Friday, April 19, 2013

Power planes revisited

This posting has been rewritten for clarity.

This evening, while sitting at a stoplight, I was mentally reviewing the various techniques for routing power and ground addressed in High-Speed Digital Design, A Handbook of Black Magic. One of the techniques mentioned was the "power and ground grid" (pg. 197), where ground traces run horizontally between ground busses along the vertical edges, and the power traces run vertically between power busses along the horizontal edges. The authors of the book do not favor this technique for a variety of reasons they explain in detail. But then they're writing about systems with rise times of 1ns or less, and that's an entirely different world.

In my case, the fall times of my signals are short, measuring just a few nanoseconds on my breadboard. On the breadboard I've seen situations where signals fall well below ground level, rebound to almost +1V (uncomfortably close to Vgs[th] for the the FDV301N), then fall back to ground. Probing the Instruction Pointer board, with its unbroken ground plane, has shown none of that nonsense. This argues strongly for an unbroken ground plane for the other boards.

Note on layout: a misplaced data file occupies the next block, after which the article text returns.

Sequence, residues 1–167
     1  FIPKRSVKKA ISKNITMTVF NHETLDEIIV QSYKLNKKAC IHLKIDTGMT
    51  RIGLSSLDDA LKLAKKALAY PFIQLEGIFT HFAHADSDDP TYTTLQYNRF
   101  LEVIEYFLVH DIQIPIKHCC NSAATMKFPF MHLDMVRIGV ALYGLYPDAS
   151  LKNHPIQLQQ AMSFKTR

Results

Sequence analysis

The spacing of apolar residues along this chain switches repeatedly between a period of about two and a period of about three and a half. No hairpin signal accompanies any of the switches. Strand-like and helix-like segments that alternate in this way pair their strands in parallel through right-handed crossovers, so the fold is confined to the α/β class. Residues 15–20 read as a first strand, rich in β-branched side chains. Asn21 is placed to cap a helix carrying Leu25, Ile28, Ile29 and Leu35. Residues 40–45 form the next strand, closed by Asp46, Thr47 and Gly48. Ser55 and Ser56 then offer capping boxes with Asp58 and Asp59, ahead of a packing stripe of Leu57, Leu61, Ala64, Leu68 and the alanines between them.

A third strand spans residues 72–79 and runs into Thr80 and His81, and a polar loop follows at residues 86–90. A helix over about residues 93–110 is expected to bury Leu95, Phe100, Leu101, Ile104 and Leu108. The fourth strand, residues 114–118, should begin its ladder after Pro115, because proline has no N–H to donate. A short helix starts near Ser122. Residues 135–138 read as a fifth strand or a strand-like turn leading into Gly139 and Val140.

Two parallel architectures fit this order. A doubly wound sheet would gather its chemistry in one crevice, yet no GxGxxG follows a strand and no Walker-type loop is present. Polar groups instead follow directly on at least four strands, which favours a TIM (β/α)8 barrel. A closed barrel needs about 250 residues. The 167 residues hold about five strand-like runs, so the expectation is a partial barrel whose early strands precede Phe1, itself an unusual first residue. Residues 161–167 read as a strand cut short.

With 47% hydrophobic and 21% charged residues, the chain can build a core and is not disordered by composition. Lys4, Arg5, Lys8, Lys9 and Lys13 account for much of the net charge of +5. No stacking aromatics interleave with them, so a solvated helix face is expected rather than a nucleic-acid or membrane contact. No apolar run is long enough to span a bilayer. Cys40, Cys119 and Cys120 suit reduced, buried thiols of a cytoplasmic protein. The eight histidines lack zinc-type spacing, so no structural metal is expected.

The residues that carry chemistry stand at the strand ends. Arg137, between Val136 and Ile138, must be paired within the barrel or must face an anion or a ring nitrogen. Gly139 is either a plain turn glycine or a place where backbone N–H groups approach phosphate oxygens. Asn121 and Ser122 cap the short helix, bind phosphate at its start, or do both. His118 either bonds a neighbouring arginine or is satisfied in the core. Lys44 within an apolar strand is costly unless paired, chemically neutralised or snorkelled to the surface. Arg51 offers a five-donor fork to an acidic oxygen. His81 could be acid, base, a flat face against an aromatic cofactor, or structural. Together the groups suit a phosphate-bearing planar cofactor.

In contrast, the rise times of my signals are quite long. The fastest of the rise times seem to occur in circuits like that to the right, where a B-type pull-up resistor (2.2K in my implementation) drives the high-side of a push-pull driver. Even in this circuit, though, the rise time is about 25ns from ground to +1V and follows an RC curve above that. This suggests that routing power as in the "power and ground grid" technique wouldn't cause a problem.

While contemplating the best way to achieve this, the most obvious solution in the world came to mind. Deciding that I don't need a power plane is different than having to route power traces individually. All I have to do is be careful when routing signals on this layer to avoid creating any islands or placing VDD vias in narrow areas.

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